Seriously, though, the sausage was tasty and the lentils could kindly be described as al dente. I had gotten a baguette in case Nick didn't like the lentils, and it got eaten, despite that fact that it was a totally sucky baguette.
The verdict? The sprouts will not be made again with this method, and the lentil and sausage dish will maybe make a reappearance, but with a modified cooking time. We have a lot of lentils left, and because they are rather tasty, I'm going to add a diced potato, some more carrots and some water, and turn it into a nice soup. How frugal of me in these tough economic times.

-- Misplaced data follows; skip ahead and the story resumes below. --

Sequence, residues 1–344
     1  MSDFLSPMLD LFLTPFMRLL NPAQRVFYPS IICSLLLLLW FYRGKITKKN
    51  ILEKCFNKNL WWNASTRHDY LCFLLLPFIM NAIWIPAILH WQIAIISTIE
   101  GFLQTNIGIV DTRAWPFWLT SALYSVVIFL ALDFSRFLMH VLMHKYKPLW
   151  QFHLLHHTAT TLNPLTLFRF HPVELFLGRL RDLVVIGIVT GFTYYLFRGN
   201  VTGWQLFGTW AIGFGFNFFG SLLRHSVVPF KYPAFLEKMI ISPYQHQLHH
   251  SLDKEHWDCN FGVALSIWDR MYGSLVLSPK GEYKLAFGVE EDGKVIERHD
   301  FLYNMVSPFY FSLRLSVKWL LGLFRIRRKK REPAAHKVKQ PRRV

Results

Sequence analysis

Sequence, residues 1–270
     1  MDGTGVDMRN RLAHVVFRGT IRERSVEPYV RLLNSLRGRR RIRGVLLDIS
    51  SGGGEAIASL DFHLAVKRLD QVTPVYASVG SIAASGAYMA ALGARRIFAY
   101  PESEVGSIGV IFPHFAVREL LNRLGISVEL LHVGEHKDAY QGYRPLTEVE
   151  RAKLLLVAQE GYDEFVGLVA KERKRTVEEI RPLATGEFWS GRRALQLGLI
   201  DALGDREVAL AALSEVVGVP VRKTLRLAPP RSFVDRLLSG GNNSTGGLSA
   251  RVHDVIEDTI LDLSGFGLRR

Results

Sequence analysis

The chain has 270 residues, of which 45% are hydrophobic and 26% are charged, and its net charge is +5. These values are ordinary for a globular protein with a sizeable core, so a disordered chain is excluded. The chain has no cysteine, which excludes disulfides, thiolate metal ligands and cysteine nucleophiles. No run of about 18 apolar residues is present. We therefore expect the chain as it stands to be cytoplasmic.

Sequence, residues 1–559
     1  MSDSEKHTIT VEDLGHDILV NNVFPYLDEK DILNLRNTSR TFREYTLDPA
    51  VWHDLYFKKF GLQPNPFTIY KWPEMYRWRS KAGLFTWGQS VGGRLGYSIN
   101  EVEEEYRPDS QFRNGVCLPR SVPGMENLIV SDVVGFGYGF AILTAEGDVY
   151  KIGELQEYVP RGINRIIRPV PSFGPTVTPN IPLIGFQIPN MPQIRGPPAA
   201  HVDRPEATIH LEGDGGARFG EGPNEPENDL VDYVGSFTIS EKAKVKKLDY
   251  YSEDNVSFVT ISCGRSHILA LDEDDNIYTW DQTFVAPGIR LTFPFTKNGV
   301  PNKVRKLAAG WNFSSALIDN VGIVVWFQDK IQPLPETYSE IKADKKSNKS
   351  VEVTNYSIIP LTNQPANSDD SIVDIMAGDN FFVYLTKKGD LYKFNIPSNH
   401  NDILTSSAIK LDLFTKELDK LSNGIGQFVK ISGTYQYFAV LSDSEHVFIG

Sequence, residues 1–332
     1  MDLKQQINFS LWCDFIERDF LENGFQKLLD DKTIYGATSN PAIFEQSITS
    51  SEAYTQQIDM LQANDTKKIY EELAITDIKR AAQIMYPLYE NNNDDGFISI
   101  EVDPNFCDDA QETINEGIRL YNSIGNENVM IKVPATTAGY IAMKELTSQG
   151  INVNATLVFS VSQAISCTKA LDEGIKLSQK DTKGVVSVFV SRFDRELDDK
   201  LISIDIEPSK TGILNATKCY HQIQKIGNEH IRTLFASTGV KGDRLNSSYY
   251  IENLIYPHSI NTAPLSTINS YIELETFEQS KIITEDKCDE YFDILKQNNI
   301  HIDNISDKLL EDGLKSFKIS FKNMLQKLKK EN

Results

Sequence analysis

*Please pardon the lack of pictures in this post. I accidentally shot most of the pictures in RAW format, and I can't for the life of me figure out how to work with them now. I'm about to start tearing out my hair, so picture adding will be attempted later.